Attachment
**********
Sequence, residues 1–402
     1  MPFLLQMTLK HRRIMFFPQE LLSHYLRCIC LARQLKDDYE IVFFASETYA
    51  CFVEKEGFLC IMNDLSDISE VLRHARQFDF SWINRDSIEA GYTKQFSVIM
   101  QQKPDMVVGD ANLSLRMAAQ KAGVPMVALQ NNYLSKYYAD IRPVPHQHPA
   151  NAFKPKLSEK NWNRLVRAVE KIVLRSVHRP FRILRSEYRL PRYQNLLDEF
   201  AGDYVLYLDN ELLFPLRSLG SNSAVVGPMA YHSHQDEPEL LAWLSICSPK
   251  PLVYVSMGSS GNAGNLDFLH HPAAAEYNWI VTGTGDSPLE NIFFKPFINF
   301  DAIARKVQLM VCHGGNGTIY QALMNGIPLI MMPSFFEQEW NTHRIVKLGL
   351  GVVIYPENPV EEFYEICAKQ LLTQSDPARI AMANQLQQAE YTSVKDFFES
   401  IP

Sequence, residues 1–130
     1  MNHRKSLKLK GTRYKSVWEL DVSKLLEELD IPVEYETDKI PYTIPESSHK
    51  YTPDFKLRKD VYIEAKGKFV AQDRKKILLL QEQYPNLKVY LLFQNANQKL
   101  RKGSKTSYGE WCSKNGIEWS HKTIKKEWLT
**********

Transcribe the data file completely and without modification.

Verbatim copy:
Sequence, residues 1–402
     1  MPFLLQMTLK HRRIMFFPQE LLSHYLRCIC LARQLKDDYE IVFFASETYA
    51  CFVEKEGFLC IMNDLSDISE VLRHARQFDF SWINRDSIEA GYTKQFSVIM
   101  QQKPDMVVGD ANLSLRMAAQ KAGVPMVALQ NNYLSKYYAD IRPVPHQHPA
   151  NAFKPKLSEK NWNRLVRAVE KIVLRSVHRP FRILRSEYRL PRYQNLLDEF
   201  AGDYVLYLDN ELLFPLRSLG SNSAVVGPMA YHSHQDEPEL LAWLSICSPK
   251  PLVYVSMGSS GNAGNLDFLH HPAAAEYNWI VTGTGDSPLE NIFFKPFINF
   301  DAIARKVQLM VCHGGNGTIY QALMNGIPLI MMPSFFEQEW NTHRIVKLGL
   351  GVVIYPENPV EEFYEICAKQ LLTQSDPARI AMANQLQQAE YTSVKDFFES
   401  IP

Sequence, residues 1–130
     1  MNHRKSLKLK GTRYKSVWEL DVSKLLEELD IPVEYETDKI PYTIPESSHK
    51  YTPDFKLRKD VYIEAKGKFV AQDRKKILLL QEQYPNLKVY LLFQNANQKL
   101  RKGSKTSYGE WCSKNGIEWS HKTIKKEWLT